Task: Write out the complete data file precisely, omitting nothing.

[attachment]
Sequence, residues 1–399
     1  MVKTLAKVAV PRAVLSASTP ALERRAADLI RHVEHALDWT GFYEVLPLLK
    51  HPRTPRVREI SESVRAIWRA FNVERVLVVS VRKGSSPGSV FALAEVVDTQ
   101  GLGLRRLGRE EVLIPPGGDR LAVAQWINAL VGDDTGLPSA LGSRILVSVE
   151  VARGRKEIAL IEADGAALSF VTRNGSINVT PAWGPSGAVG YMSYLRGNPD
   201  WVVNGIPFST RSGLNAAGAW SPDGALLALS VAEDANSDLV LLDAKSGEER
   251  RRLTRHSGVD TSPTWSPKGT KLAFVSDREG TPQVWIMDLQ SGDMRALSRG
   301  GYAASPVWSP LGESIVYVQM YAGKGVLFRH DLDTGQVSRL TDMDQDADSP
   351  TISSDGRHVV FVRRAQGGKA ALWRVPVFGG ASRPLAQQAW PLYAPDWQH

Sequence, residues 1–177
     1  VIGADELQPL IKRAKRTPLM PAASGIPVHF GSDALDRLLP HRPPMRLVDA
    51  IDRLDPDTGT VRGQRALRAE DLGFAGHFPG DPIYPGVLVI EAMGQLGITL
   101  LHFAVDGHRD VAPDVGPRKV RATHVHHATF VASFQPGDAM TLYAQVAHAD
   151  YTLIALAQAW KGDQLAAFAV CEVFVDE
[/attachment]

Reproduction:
Sequence, residues 1–399
     1  MVKTLAKVAV PRAVLSASTP ALERRAADLI RHVEHALDWT GFYEVLPLLK
    51  HPRTPRVREI SESVRAIWRA FNVERVLVVS VRKGSSPGSV FALAEVVDTQ
   101  GLGLRRLGRE EVLIPPGGDR LAVAQWINAL VGDDTGLPSA LGSRILVSVE
   151  VARGRKEIAL IEADGAALSF VTRNGSINVT PAWGPSGAVG YMSYLRGNPD
   201  WVVNGIPFST RSGLNAAGAW SPDGALLALS VAEDANSDLV LLDAKSGEER
   251  RRLTRHSGVD TSPTWSPKGT KLAFVSDREG TPQVWIMDLQ SGDMRALSRG
   301  GYAASPVWSP LGESIVYVQM YAGKGVLFRH DLDTGQVSRL TDMDQDADSP
   351  TISSDGRHVV FVRRAQGGKA ALWRVPVFGG ASRPLAQQAW PLYAPDWQH

Sequence, residues 1–177
     1  VIGADELQPL IKRAKRTPLM PAASGIPVHF GSDALDRLLP HRPPMRLVDA
    51  IDRLDPDTGT VRGQRALRAE DLGFAGHFPG DPIYPGVLVI EAMGQLGITL
   101  LHFAVDGHRD VAPDVGPRKV RATHVHHATF VASFQPGDAM TLYAQVAHAD
   151  YTLIALAQAW KGDQLAAFAV CEVFVDE